I hesitate to draw attention to some of the specific words you use, but I think they contribute to the confusion. Words like heuristic regression analysis, estrogelical, and so on. During the years I was earning my two master's degrees, I found no instance to use these highfalutin terms in normal conversations. They seem only to be used as a kind of verbal flyswatter. It feels like you're looking down your nose at me, rather than trying to communicate as a peer.

It almost feels like you enjoy the back-and-forth banter so much that you'd rather dwell there than actually resolve anything. I can appreciate the wonder of verbal dance, of well-crafted sentences. But if the purpose of the communication is largely to draw attention to its beauty, and not to move a discussion forward, it gets tiring.

I'd like to understand you, singlechristianman, and resolve our conflicts. But if our differing communication styles inhibit any resolution, then my time spent here is better spent elsewhere.

8/31/07, 2:19 PM  
Anonymous singlechristianman said...

Ted: I commit myself to praying daily for you during the month of September. I will pray daily for:

a) the health and protection of your family, and
b) for God's wisdom to come to you for solving the problems of your life.

hear me: I do not mean "b" in a smarmy way, supposing that you have all these problems that are so bad you need God to bail you out -- I mean it genuinely and sincerely -- I will pray for God's wisdom in your life.

In more ideal settings this could be done privately -- but it occurs to me that this is a way to be "gracious" -- as you have asked for, and that all believers can and should rightfully expect from other believers -- I mean you no harm, and wish you no harm, and wish God's best for you.

PS: I actually use "heuristic" in my work; and "estrogelical" is a term of mockery to describe a feminised kind of christianity that is unbalanced.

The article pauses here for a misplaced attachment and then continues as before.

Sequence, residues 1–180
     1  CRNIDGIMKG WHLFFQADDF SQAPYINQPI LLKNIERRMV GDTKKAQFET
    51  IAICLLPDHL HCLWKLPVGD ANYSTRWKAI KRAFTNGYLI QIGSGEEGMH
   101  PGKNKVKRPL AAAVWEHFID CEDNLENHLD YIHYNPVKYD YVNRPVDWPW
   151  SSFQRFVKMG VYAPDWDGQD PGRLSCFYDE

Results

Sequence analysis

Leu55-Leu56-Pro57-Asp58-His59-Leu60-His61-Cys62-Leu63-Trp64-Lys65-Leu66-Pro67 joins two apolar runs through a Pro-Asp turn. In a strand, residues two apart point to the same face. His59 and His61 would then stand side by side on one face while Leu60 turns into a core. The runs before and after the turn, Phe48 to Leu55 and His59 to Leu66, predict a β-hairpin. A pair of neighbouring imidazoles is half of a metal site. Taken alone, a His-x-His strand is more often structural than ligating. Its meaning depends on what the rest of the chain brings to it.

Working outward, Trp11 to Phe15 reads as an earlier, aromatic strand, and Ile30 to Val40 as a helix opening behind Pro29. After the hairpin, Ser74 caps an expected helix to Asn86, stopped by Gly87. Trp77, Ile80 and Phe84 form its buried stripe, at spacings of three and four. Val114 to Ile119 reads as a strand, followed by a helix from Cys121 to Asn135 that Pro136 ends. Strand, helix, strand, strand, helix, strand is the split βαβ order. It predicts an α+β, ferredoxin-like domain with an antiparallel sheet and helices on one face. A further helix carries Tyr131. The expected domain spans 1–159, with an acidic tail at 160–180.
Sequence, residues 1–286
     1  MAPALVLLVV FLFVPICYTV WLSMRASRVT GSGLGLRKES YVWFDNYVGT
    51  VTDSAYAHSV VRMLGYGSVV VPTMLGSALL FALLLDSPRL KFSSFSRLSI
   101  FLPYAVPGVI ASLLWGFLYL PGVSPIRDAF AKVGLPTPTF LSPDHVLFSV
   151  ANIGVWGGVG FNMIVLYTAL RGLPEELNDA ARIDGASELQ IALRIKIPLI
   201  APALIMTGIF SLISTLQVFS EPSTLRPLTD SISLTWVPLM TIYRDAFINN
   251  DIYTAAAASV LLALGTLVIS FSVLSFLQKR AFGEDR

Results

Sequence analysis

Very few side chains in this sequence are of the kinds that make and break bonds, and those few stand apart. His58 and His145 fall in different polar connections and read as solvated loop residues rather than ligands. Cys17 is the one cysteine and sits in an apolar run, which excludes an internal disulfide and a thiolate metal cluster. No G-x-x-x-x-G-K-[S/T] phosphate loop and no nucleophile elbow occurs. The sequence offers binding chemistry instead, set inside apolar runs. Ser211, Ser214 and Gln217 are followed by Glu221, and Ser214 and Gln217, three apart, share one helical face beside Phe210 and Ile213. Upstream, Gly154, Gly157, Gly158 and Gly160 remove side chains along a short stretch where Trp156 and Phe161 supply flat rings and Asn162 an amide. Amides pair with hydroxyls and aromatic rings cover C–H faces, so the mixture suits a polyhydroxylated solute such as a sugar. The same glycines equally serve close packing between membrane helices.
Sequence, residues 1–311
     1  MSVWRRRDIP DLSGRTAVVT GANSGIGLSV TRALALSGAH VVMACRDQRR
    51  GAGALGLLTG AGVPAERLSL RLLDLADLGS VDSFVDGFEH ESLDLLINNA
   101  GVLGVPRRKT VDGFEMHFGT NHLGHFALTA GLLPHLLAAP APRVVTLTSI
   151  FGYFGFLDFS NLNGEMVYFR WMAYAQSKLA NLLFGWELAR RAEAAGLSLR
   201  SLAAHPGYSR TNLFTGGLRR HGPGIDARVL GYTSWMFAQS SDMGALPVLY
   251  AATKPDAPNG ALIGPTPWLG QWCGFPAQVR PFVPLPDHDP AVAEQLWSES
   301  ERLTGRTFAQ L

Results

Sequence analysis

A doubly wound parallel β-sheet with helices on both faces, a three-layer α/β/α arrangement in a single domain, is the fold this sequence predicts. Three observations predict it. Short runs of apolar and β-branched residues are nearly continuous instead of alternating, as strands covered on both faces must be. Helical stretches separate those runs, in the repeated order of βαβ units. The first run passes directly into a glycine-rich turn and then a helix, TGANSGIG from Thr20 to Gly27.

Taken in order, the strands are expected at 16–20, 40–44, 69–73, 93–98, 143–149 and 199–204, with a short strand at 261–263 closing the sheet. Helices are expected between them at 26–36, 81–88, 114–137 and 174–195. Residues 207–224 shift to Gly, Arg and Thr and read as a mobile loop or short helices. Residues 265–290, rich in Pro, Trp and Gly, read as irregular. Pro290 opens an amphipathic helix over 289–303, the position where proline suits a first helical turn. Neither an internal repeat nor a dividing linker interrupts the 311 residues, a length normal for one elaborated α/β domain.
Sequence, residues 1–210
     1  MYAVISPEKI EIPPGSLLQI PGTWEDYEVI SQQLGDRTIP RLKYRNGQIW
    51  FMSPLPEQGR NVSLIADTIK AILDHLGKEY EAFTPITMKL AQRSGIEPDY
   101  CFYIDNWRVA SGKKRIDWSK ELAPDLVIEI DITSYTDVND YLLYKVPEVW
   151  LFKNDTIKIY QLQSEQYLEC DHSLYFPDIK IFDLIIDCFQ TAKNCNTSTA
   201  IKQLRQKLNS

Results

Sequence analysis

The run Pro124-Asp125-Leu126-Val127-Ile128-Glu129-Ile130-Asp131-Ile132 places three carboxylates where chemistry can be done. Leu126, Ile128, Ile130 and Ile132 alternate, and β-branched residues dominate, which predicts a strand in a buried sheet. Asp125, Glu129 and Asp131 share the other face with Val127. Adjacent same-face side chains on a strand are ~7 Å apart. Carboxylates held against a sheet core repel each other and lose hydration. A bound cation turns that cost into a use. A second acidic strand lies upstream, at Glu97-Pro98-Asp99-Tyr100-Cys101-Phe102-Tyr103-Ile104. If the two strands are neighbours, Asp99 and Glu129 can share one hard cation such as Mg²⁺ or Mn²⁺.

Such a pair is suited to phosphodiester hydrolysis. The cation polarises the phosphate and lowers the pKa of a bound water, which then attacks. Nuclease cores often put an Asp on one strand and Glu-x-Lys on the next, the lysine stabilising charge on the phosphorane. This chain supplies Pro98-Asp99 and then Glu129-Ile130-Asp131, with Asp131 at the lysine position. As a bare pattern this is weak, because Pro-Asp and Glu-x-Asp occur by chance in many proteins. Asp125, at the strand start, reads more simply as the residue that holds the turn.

8/31/07, 7:31 PM  
Blogger Songbird said...

I read Micah's actual article on being pro-choice about love and Lindy Keffer's article on the danger of taking "guarding your heart of being hurt" too far in TrueU. They have very good insights. What's your objection to their conclusions? I agree with Micah that love is way more than a feeling and with Lindy that human relationships and genuine love are never meant to be risk-free. What do they has to do with this issue of misapplication of scripture anyway?

9/2/07, 11:42 AM  
Anonymous someone said...


I think there has been a misunderstanding. The reference to Micah is not to the author of an article, but to the Old Testament book of the Bible. The objection being made here is to how Debbie Maken misuses passages from the book of Micah in an attempt to claim that men are responsible for the sins of women.

9/4/07, 4:21 AM  
Blogger Songbird said...


There is a book called Micah. You are right on that. Anakin is actually talking about Debbie Maken's misuse of the book Hosea, not the book Micah. What I was talking earlier is why would Anakin think Micah Wierenga's actual article on love being pro-choice and Lindy Keffer's article on the danger of taking "guarding your heart of being hurt" too far in (which both articles have promoted by Suzanne Hadley and Denise Morris through writing a blog post about it) misuse the book Hosea

9/4/07, 11:47 AM  
Anonymous someone said...


My bad. You are right that it was the book of Hosea not Micah that was being discussed. I got them mixed up in my head. Sorry.

9/5/07, 4:18 AM